Automation is strengthening its grip around the digital marketing industry, this time in the form of automated real-time bidding.
It’s called programmatic advertising, and it’s yet another software that turns menial tasks performed by ordinary marketers into an efficient juggernaut that’s capable of doing the work of ten in more than half the time.
It’s defined by DigiDay as:
“The use of software to purchase digital advertising, as opposed to the traditional process that involves RFPs, human negotiations and manual insertion orders. It’s using machines to buy ads, basically.”
Perhaps before we delve into programmatic advertising and its benefits and detriments, we need to discuss what it’s an offshoot of: real-time bidding.
Here’s a great video explaining how it works:
Digital media was previously bought and sold as blocks of impressions. The issue was that it was too simplistic, resulting in the same ad on a website being seen by the same person. That means an ad for, let’s say, high-end vehicles would be seen by both a wealthy 50-year-old who was more interested in vacations and a 20-year-old who was more interested in exercise.
Sure some of the people in the audience would have been interested, but you’re only diluting the exposure by showing it to people who aren’t interested. It would be like showing a beer commercial on ESPN, but also showing it on HGTV and Nickelodeon.
“Real-time bidding creates an auction where different marketers can bid to show a different ad to a specific user based on data about that user.” So instead of that ad for high-end vehicles going to two people who don’t care about high-end vehicles, they’ll instead get ads contoured to what they like.
Agencies and their wallets are beginning to take notice. “Some agencies now say they’re eager to buy as much media as possible through programmatic channels, and some major brands have even built out in-house teams to handle their programmatic ad buying as they spend more of their marketing budgets that way.”
“Brands are spending an increasing amount on programmatic advertising, with this channel now accounting for an average of 16% of digital ad spends across respondents, compared to 10% in 2014.”
Still, real-time bidding is growing faster than programmatic overall. “RTB revenue will top over $26 billion by year-end 2020, up from $8.7 billion this year.”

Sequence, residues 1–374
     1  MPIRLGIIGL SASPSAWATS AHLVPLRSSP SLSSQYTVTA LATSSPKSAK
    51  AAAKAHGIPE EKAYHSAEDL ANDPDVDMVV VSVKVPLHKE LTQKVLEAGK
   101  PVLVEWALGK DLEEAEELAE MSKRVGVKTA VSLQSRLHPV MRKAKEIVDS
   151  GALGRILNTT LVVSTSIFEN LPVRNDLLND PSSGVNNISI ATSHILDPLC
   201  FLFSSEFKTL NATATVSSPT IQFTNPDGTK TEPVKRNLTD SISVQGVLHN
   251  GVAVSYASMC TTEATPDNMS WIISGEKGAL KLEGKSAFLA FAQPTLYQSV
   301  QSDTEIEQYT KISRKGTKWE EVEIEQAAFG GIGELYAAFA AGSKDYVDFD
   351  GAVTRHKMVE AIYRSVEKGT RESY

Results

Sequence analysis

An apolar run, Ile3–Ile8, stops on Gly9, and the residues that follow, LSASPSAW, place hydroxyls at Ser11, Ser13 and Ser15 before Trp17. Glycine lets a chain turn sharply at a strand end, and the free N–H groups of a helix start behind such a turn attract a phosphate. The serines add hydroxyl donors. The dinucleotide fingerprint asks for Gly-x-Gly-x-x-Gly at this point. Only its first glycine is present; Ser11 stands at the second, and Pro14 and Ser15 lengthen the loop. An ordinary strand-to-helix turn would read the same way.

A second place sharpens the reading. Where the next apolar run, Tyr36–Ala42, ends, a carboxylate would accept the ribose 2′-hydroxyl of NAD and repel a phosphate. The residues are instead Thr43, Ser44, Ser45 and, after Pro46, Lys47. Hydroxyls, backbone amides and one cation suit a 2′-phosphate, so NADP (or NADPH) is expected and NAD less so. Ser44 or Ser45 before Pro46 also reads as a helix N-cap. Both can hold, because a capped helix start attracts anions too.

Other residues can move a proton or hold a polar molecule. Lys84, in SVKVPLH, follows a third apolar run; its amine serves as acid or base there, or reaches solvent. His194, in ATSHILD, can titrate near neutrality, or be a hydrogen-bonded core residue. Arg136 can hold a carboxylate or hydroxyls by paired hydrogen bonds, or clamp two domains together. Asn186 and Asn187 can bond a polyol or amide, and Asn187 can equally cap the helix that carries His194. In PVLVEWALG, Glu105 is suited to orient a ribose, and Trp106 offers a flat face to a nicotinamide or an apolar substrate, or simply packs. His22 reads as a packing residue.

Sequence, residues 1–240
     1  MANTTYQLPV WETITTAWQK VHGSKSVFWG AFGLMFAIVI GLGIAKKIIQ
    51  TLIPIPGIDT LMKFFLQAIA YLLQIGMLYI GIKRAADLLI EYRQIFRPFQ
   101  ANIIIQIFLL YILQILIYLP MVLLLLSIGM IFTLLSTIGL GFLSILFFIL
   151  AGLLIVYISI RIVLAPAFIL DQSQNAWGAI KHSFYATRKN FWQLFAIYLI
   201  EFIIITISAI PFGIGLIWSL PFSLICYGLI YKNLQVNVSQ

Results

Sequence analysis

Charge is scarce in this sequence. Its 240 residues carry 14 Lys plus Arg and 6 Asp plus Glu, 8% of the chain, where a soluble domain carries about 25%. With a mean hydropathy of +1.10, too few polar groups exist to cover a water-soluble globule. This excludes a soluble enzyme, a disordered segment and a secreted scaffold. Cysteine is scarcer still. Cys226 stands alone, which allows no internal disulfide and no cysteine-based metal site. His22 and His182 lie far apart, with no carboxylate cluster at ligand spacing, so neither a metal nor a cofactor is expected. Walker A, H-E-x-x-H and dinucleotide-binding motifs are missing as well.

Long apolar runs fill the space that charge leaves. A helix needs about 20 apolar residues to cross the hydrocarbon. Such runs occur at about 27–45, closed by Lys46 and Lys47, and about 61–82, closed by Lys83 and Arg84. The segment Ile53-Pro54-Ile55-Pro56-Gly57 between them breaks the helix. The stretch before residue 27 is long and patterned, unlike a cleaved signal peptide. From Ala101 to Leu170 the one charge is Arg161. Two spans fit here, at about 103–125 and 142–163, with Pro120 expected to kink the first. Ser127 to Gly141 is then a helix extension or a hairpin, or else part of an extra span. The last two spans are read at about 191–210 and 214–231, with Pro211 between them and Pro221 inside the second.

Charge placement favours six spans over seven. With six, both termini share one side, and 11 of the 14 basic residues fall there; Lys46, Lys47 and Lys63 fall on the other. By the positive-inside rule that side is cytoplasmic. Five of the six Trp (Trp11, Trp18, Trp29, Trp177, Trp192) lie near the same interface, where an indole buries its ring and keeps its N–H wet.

A recent survey by the World Federation of Advisers also revealed that “approximately $20 billion of the total $70 billion ad spend in 2016 accounted for expenditures on digital advertising, 16 percent of which is on programmatic ads.”
While the rise of digital marketing is certainly the igniter to this, efficiency is the driver of automation in the industry. It all comes down to consolidating precious hours that could be used to developing creatives, rather than using that time to fill out spreadsheets or, in this case, buying ads.
Programmatic ad buying expedites the process. Because before it came along, “digital ads were bought and sold by human ad buyers and salespeople, who can be expensive and unreliable.” Much like every new piece of technology created, as has been the case since the concept of convenience, it’s focused on efficiency and limiting the work done by humans.
“Programmatic ad tech promises to make the ad buying system more efficient, and therefore cheaper, by removing humans from the process wherever possible.” Basically, humans are fallible, while machines are programmed to perform a specific task perfectly and repeatedly.
Not all is lost for humanity, though. We still have responsibilities and control over some aspects. As noted by Lori Goldberg of econsultancy.com, both timing and frequency are necessary components of programmatic ad buying that require adjustments from actual advertisers:
Timing: “A great example of this is a recent trip I took to Santa Monica. At the time of this writing, only eight weeks have passed and now I’m being retargeted by hotels and travel deal sites that are offering packages on a return trip to Santa Monica. While I had a great time, I’m not likely to go back across the country eight weeks after I just visited..If they were to cross-reference their data with recent customers, they would know that I’ve already stayed at the hotel and would be able to serve me an ad that feels more customized. Advertisers should take the time to cross-reference their data so that they save ad dollars and don’t waste impressions.”